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Nicaraguan man’s guilty plea wraps up old drug money-laundering case

New Orleans’ federal courthouse, via Google

A dual citizen of the United States and Nicaragua who evaded authorities for nearly two decades pleaded guilty Wednesday in New Orleans to his role in a plot to launder drug money, all but wrapping up a case also involving a disgraced coffee importer and the brother of a famed local mob boss.

Erwin Jose Mierisch Jr., 49, will serve four years in prison if U.S. District Judge Sarah Vance approves his plea deal at a sentencing hearing Dec. 13. Mierisch can withdraw his guilty plea if Vance rejects the deal.

The case against Mierisch dates back to 1999, when a grand jury indicted him in a money-laundering and drug-trafficking scheme. The federal probe led to the conviction of Roberto Gambini, a high-profile businessman who made a name for himself as New Orleans became the nation’s busiest coffee-importing port.

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Charges were also filed against Mierisch’s uncle, Jose Esteban McEwan, but he died years ago without ever going to court. A fourth suspect in the case, Joseph Marcello Jr., was the brother of notorious New Orleans mob boss Carlos Marcello; he died before charges were handed up.

The case against Mierisch languished for years as he remained in Nicaragua, which refused to extradite him to the United States.

He was captured in Mexico late last year while in transit between Nicaragua and Tokyo. Mexican authorities flew him to Miami. He initially pleaded not guilty after being transferred to New Orleans.

Mierisch’s guilty plea spares a federal prosecution team led by Assistant U.S. Attorney Michael McMahon the challenge of trying an 18-year-old case built on aged evidence and scattered witnesses.

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Authorities busted Mierisch, Gambini and McEwan with the help of an FBI informant who introduced an undercover customs agent to Gambini after May 1998, according to a formal admission signed by Mierisch as part of his guilty plea.

The informant told Gambini that the undercover agent had large amounts of drug money that had to be “cleaned up,” and Gambini said he could help because he had done that kind of work in the past.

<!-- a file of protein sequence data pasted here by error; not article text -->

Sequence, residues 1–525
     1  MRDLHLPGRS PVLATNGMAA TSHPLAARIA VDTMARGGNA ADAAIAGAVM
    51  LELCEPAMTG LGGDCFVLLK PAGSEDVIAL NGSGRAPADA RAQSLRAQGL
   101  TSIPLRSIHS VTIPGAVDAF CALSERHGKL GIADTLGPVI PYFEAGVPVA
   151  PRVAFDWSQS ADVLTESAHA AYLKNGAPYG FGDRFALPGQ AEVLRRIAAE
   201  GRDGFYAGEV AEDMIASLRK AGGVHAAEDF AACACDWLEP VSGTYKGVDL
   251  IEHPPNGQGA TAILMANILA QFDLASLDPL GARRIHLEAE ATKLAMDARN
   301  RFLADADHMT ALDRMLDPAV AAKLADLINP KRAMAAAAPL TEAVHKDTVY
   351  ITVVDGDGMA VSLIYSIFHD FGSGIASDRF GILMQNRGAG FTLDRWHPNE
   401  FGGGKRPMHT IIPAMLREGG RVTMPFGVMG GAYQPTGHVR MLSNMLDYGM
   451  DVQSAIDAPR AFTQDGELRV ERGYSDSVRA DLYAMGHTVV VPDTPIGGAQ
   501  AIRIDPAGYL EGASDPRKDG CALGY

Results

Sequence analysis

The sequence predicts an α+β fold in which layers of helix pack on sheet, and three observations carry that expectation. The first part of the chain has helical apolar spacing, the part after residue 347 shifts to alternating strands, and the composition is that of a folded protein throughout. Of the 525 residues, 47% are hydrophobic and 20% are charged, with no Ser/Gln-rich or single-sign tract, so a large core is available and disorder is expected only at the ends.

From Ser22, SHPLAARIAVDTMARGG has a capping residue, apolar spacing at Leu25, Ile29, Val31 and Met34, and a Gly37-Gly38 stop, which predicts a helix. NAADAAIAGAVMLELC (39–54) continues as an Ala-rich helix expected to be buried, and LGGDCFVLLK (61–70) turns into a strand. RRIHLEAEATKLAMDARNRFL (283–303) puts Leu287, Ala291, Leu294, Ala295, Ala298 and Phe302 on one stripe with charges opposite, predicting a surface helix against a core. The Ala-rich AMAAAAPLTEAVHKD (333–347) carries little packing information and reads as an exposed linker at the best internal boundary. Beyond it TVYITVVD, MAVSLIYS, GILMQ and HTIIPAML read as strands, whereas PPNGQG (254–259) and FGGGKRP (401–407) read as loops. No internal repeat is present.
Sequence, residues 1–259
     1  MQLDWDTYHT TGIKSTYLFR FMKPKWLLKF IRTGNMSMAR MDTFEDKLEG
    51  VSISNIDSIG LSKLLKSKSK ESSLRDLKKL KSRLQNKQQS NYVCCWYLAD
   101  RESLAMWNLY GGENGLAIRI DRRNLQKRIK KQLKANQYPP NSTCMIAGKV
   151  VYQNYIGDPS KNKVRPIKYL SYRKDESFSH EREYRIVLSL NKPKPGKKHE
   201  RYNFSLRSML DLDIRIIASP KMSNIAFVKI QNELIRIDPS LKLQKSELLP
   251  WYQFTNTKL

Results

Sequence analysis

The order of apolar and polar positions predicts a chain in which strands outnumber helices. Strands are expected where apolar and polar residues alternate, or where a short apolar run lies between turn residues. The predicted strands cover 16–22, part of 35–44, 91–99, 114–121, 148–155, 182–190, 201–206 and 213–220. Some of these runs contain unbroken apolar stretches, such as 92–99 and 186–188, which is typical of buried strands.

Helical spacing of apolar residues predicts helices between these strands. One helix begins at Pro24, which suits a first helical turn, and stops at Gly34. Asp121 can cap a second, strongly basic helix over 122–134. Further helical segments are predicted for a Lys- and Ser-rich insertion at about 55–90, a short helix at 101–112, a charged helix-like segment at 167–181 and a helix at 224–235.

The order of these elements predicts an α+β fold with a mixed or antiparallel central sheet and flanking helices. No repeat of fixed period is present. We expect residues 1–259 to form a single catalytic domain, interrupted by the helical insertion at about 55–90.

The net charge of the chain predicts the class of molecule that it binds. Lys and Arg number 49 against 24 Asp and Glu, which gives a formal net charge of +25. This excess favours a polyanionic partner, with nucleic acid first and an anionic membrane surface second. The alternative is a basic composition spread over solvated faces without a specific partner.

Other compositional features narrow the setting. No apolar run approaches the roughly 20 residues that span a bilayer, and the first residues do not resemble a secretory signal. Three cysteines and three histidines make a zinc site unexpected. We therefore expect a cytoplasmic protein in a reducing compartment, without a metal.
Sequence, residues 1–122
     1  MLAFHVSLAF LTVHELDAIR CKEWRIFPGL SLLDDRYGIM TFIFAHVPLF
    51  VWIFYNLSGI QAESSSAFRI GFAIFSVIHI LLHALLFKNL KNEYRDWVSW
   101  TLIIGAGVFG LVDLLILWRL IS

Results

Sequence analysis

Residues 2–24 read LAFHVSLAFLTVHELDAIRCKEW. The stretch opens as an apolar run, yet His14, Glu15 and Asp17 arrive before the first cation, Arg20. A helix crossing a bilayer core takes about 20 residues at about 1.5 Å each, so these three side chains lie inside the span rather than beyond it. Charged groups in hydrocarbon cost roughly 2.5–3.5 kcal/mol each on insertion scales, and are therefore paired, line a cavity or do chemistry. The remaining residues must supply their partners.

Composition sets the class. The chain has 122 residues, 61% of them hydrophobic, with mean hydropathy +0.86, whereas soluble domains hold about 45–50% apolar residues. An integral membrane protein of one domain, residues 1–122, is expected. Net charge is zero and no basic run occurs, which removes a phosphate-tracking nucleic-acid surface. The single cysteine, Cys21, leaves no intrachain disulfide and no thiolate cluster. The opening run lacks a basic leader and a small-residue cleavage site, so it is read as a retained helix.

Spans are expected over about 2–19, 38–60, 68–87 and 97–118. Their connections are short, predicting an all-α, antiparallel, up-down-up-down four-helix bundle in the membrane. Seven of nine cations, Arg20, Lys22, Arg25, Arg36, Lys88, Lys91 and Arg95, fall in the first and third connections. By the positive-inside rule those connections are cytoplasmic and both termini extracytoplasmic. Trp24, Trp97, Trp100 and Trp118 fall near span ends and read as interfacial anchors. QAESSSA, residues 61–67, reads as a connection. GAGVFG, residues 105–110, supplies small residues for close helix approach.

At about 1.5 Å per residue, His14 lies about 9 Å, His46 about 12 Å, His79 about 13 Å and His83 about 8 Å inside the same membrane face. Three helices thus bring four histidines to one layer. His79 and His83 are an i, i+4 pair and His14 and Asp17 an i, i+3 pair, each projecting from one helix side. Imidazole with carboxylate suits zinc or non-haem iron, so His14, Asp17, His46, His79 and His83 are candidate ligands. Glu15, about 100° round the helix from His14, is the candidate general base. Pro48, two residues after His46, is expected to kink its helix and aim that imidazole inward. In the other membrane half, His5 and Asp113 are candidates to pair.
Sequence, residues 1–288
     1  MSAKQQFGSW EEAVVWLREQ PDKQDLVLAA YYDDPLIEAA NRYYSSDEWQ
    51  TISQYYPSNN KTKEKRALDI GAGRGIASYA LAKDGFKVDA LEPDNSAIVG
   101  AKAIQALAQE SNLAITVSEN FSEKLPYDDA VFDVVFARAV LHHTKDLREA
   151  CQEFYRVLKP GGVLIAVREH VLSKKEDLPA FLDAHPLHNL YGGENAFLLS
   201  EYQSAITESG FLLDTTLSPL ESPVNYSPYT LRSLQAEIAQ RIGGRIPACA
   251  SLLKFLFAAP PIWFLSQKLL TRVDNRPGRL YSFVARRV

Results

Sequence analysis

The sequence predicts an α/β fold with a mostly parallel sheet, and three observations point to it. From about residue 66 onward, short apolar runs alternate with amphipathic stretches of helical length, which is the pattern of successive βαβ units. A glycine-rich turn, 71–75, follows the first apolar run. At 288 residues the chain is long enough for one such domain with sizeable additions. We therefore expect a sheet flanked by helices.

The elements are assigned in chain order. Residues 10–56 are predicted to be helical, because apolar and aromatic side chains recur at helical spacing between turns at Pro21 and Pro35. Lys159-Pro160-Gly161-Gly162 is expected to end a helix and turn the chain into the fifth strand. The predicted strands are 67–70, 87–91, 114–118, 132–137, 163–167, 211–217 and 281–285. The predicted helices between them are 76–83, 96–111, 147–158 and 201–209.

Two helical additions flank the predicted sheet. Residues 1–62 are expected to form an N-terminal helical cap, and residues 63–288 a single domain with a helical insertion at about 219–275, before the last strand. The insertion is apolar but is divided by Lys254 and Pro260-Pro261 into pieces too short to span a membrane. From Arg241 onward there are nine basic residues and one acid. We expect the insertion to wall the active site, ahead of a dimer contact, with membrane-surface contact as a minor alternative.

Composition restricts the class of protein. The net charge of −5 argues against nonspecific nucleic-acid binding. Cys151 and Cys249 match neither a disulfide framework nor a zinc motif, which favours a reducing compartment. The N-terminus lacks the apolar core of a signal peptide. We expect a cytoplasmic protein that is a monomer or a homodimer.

Gambini would falsify invoices documenting the wholesale purchase and transfer of coffee, with the list price matching the amount of money being laundered.

In return for the fake invoices, Gambini would receive cash from the undercover customs agent, the “factual basis” filed in court said. Customs officials and FBI agents paid Gambini $45,000 the first time, then returned nine more times with similar requests to launder money, according to the factual basis signed by Mierisch.

Twice, Gambini wired what he believed to be drug money to the bank account of a Nicaraguan business using his and Mierisch’s surnames, authorities said.

Meanwhile, for several months beginning in late 1998, Mierisch spoke numerous times with an undercover FBI agent about the ability he, Gambini and McEwan had to supply cocaine. At one point, the agent was given 99 grams of cocaine as a sample, the factual basis said.

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Mierisch also admitted paying $20,000 to the agent to arrange an attack on the spouse of a Texas man who had filed a lawsuit against one of Gambini’s associates.

Gambini ultimately pleaded guilty in 1999 to laundering $900,000 in what he thought was drug money. He received a prison sentence of 5½ years and was deported to Italy.

Gambini also admitted he paid undercover agents to burn down a Miami warehouse full of coffee beans to collect insurance money, and authorities confiscated more than two dozen guns from his home.

Many were stunned by the turn of events for Gambini, who arrived in New Orleans in 1990 and would take over more than 200 old grain silos at the Nashville Street wharf, refurbishing them to process and store coffee, according to an account at the time in The Times-Picayune.

Mierisch’s uncle, McEwan, remained on his coffee plantation in Nicaragua and sought to file documents attacking the charges against him from there.

But McMahon successfully opposed McEwan’s efforts, arguing that he shouldn’t be able to challenge the indictment in a land where U.S. officials wouldn’t be able to enforce any judgment he might receive against him.

Members of Mierisch’s family showed up Wednesday to support him.

His attorney, Matthew Coman, declined comment.

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